A few measures can go a long way for Kenya to firm up its steps in strengthening its commitment to bolstering universal access to sexual and reproductive healthcare commodities. This can equally cushion the millions of young women who need the critical support in accessing contraceptive commodities especially during the Covid-19 pandemic that has disrupted the country’s health care systems.
First, measures should be tightened to ensure that such incidences never happen again. We wish to remind the Kenyan government that its core responsibility lies in prioritising and providing quality and timely sexual and reproductive health right services to all persons at all times without discrimination. Such essential services should cover each stage of the Reproductive, Maternal, Newborn, Child and Adolescent Health scorecard that Kenya has committed to which includes: family planning, post-abortion care, child birth, postnatal and adolescence.
Secondly, all state agencies mandated to procure life saving sexual and reproductive health commodities should endeavour to harmonize operations particularly in procurement, clearance and transportation of goods. This will avert future similar delays and ensure they work in tandem for the common good of all Kenyans.
Thirdly, it is paramount for the Ministry of Health and other related agencies to ensure quality controls and quality assurance are entrenched in their processes by enhancing capacity and surveillance to ensure Kenyans only consume pharmaceutical products of best quality. This will go a long way in restoring the dashed hopes of young girls and women who want the autonomy to make decisions over their bodies and reproductive health.
Lastly, we call upon all Kenyans and the civil society to be extra vigilant and continue supporting the government efforts in provision of quality healthcare by demanding for accountability. We must endeavour to inform the public, particularly rightholders of their reproductive health rights to the best attainable standards of health as the Kenyan constitution prescribes. The government must therefore act in the best interest of its people and respond with utmost care particularly to the sexual and reproductive health needs of young women.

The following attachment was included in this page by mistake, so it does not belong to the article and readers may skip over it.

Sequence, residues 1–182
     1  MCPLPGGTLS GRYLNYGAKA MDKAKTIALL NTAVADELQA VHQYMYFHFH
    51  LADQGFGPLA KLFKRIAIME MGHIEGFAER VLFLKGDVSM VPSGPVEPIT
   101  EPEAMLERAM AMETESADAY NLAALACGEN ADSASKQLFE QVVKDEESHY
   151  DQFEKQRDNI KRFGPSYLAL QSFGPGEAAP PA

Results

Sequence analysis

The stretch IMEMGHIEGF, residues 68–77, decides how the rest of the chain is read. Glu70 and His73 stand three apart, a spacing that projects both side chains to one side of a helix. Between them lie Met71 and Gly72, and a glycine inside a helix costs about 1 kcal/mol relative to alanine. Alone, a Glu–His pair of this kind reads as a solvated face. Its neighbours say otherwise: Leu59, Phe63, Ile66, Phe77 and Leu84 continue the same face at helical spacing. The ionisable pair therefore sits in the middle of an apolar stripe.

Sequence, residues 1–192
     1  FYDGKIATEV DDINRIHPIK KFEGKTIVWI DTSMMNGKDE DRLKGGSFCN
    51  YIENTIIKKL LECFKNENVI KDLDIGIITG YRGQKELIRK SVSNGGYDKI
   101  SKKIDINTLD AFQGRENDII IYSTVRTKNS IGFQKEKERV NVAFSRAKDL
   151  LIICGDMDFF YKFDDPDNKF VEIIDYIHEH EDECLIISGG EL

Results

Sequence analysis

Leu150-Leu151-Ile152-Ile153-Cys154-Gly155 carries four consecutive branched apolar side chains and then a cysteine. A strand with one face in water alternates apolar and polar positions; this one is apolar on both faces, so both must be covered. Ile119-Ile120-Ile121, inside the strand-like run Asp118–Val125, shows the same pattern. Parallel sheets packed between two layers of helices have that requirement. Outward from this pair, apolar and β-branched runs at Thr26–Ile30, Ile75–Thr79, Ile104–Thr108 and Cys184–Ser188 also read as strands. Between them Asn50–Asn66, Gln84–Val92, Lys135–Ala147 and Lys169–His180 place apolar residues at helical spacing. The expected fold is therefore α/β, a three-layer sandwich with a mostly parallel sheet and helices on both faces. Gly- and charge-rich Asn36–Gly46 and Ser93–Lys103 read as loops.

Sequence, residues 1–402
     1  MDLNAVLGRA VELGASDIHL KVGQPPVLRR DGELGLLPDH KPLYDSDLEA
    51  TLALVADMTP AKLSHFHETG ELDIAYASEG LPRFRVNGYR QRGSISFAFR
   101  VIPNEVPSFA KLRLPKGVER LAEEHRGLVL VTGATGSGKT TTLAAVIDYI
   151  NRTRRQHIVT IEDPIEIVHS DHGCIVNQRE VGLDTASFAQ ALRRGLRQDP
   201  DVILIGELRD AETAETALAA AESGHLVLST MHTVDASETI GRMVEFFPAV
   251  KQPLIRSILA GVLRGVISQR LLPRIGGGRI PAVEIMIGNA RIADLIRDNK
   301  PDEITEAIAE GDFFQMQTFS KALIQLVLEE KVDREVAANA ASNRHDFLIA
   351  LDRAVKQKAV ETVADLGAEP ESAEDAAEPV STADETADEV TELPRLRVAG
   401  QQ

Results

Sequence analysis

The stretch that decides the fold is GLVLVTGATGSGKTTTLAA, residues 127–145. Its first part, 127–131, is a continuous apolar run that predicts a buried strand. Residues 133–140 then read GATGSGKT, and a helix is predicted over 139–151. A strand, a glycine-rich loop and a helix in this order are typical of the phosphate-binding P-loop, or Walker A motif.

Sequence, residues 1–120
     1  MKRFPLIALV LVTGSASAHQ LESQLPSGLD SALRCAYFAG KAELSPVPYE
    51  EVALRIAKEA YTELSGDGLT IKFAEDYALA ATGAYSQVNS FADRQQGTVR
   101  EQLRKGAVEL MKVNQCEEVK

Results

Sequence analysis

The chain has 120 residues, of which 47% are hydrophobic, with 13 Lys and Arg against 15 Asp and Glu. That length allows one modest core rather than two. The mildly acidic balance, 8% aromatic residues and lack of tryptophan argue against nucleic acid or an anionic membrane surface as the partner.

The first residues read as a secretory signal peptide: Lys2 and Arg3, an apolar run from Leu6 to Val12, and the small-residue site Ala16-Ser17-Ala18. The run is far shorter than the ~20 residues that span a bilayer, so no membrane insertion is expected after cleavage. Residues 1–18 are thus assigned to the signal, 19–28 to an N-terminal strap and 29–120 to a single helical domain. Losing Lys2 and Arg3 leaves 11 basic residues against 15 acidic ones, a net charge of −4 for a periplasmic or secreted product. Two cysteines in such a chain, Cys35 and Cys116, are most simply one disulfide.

This, is the We Lead promise!
Hivos as a champion of human rights for all aims to strengthen the influence and position of young women whose sexual and reproductive health and rights are neglected the most. Through the We Lead program, Hivos together with consortium partners and an array of local organisations, will be working closely with government(s), like-minded partners, young women and adolescent girls and state health agencies to ensure the highest standards of sexual reproductive health rights are attained.
We are engaging the government(s) and other stakeholders to ensure rightsholder-friendly policies are put in place and implemented while supporting a multi-stakeholder and multi-agency approach to provision of quality services to the populations in need.
We are additionally working towards improving the capacities of healthcare workers to ensure provision of client centred services particularly to young women and adolescents girls. We recognize that ultimate provision of the quality healthcare can not be left to the government and the healthcare providers alone.
Through the ‘leave no one behind’ mantra we are focused on building a strong grass-root movement that will form a critical mass for championing, lobbying and advocating for respect and provision of quality sexual and reproductive health rights services.